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|Catalogusprijs digitale editie:||EUR 10,89|
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Panzer Ace: The Memoirs of an Iron Cross Panzer Commander from Barbarossa to Normandy (English Edition) Kindle-editie
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It is the perfect compliment to the J.J. Fedorowicz publication (from 2000) of "The Combat History of Schwere Panzer-Abteilung 503" of which the author was a part (he also contributed heavily to this Fedorowicz volume, thus there is some duplication of information). There are many photos previously unpublished, as mentioned by other reviewers; some coming from the author's private collection and some from other surviving members of his unit.
There are also numerous details that would assist military modelers such as the individual tank numbers of the Tigers in his company, things they carried on the outside of their tanks, and many interesting battle details from both fronts. I was particularly interested in the chapters on his experiences in the Normandy Campaign, one of my main areas of interest. But even the chapters on the Russian Front were fascinating and riveting.
I found this book hard to put down, and how many times can one say that about a war memoir, particularly from a German soldier? The author had a keen eye for details of interest and writes in an engaging manner. It's almost as good as those I've read that were written by professional journalists.
I am very glad this volume was translated from the original German edition, allowing me to happily add it to my personal library. I highly recommend it if you have even a passing interest in W.W. II and veteran accounts. As a German memoir it is one of the best and may be the best memoir of a Tiger tank commander. There just aren't that many out there. A rare gem!
A most amazing book detailing whst it was like to be a commander of Tiger tanks. Certainly he was amazingly lucky to survive the war though he went from battle to battle to hospital and back to battle again. If you like tiger tanks, you are used to seeing the same photos used over and over again in different books. This books was filled with photos I had never seen before, sharp, high quality images. The number and quality of the photos alone are worth the price of the book. It is an extremely good read, well written, and exciting.
The book is divided into 10 chapters (with nice presentation of main events during the period described) and I was glad to see professional forewords by dr. Robert Forczyk and also the author.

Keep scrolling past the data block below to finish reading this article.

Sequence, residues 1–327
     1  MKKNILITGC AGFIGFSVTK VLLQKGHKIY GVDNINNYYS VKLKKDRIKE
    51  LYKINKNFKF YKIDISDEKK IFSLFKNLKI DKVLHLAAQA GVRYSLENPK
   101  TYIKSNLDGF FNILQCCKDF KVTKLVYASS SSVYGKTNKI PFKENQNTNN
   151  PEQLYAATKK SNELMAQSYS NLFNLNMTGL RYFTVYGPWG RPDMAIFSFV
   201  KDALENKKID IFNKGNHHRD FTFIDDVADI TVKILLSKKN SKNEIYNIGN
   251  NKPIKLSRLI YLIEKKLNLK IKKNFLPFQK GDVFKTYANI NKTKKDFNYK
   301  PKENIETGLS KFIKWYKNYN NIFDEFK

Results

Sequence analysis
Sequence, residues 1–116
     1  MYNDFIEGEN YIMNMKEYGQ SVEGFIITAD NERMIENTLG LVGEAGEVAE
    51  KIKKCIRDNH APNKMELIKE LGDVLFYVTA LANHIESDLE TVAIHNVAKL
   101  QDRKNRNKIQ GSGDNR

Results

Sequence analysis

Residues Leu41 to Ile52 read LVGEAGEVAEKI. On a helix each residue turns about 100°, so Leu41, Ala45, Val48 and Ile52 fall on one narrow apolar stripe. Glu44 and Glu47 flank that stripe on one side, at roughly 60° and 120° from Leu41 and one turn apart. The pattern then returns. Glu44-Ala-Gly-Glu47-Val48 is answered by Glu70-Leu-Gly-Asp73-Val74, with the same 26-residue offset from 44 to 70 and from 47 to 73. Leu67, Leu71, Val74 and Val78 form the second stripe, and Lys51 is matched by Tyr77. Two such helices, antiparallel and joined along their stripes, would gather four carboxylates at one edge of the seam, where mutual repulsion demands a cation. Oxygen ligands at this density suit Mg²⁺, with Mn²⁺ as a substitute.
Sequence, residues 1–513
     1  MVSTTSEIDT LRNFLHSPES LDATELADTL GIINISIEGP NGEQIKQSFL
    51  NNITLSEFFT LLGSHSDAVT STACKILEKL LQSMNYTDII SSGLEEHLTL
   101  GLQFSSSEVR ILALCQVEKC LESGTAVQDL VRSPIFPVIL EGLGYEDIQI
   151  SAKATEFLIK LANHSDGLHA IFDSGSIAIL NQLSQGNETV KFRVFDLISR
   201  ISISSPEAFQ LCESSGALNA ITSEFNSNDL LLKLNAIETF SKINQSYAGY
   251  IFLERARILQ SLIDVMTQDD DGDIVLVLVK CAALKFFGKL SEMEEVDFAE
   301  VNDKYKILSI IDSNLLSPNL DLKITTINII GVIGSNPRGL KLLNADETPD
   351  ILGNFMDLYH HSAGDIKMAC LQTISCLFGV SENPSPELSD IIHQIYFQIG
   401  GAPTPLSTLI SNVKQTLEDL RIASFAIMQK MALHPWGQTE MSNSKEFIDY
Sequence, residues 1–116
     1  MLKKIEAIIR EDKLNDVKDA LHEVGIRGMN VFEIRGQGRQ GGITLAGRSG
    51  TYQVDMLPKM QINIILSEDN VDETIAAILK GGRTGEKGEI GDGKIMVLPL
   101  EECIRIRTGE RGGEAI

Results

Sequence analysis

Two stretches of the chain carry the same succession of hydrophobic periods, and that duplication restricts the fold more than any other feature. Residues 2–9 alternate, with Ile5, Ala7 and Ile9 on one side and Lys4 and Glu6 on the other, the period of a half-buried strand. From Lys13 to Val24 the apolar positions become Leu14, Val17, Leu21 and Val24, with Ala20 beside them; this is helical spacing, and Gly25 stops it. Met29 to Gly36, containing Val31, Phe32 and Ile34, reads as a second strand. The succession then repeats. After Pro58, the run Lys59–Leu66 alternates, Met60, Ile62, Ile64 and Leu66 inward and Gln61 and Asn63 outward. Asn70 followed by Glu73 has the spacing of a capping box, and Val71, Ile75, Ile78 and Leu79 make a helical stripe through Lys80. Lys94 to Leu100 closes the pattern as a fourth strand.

After the first chapter (“The second World War begins”), the author described in Chapter II’s 100 pages his first battles during the opening phase of Operation Barbarossa (“On the Eastern Front June – August 1941”). Operations at Stary Bychow, Breaking through the Stalin line or Battle for Roslav - where author was wounded for the first time - are excellent descriptions of the daily tanker’s life and sacrifices.
Author’s convalescence and additional training are detailed in”My quiet time in the Reich (February 1942 - January 1943) before going “Back in Russia (January-May 1943)” as tank platoon leader to participate in the bitter fights for Rostov. The story of the Battle of Kursk -“Operation Zitadelle (June-July 1943) - includes the encounter with SU 152, stepping on a mine (engineer training before operation paid off) or his second wound on 14.07.1943.
After another year, his unit was transferred to France to fight against Allied forces. The next two chapters, “The invasion Front, 1944” and “Operation Goodwood” are filled with Western Front experiences.
“At Sennelager Camp (September-October 1944)” is a very short chapter about a training/reorganization period with more information from photos than text. One photo shows unteroffizer Kurt Knispel, tank ace at 23 years old with over 160 kills (KIA 28.04.1945).
Chapter IX - “The Collapse (1944-1945)” describes the armored operations in Hungary (military coup included) and also the Battles for Gyongyos, Szolnok, etc. Wounded for the third time, Oblt. R. von Rosen is hospitalized in a Luftwaffe hospital in Bratislava.
In the last three chapters “Military Hospital and the End of the War (February-July 1945)”, ”Home Again” and ”A prisoner of the French”, the author recalls the humiliation of defeat and surrender, but also the brutality of French occupation.
Eventually, worth mentioning is the von Rosen’s resume at the end of book. In 1955 he (re)started a military career being commissioned into Bundeswehr as Hauptmann and he retired as major-general in 1980.
The book is filled with an impressive number of contemporary photos (over 400), plus some sketches. Some photos have even some interesting (tactical) comments. Sometimes I found disturbing to start a narrative just to be interrupted by more than 10 pages of illustrations. I had to flip back several pages in order to remember the initial phrases. As throughout the text, the photo captions pay a special tribute to his former comrades and friends.
The volume ends just with a short epilogue and no notes or index sections are provided.
One of the more valuable WW II memoirs! Recommended!